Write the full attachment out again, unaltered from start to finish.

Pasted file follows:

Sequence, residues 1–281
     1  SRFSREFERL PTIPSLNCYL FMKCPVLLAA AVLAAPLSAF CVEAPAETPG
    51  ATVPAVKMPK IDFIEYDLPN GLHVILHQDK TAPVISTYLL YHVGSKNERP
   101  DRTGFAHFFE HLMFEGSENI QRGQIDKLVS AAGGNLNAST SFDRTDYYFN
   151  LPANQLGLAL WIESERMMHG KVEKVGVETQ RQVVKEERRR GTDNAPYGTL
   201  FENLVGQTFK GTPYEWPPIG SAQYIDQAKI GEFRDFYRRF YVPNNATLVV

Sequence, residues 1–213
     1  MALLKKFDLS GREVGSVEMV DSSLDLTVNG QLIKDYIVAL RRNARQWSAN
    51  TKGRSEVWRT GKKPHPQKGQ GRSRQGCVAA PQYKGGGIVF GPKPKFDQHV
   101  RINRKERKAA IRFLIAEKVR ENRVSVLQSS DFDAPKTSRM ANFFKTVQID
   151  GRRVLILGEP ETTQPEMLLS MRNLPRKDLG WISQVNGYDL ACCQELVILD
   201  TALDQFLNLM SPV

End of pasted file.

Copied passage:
Sequence, residues 1–281
     1  SRFSREFERL PTIPSLNCYL FMKCPVLLAA AVLAAPLSAF CVEAPAETPG
    51  ATVPAVKMPK IDFIEYDLPN GLHVILHQDK TAPVISTYLL YHVGSKNERP
   101  DRTGFAHFFE HLMFEGSENI QRGQIDKLVS AAGGNLNAST SFDRTDYYFN
   151  LPANQLGLAL WIESERMMHG KVEKVGVETQ RQVVKEERRR GTDNAPYGTL
   201  FENLVGQTFK GTPYEWPPIG SAQYIDQAKI GEFRDFYRRF YVPNNATLVV

Sequence, residues 1–213
     1  MALLKKFDLS GREVGSVEMV DSSLDLTVNG QLIKDYIVAL RRNARQWSAN
    51  TKGRSEVWRT GKKPHPQKGQ GRSRQGCVAA PQYKGGGIVF GPKPKFDQHV
   101  RINRKERKAA IRFLIAEKVR ENRVSVLQSS DFDAPKTSRM ANFFKTVQID
   151  GRRVLILGEP ETTQPEMLLS MRNLPRKDLG WISQVNGYDL ACCQELVILD
   201  TALDQFLNLM SPV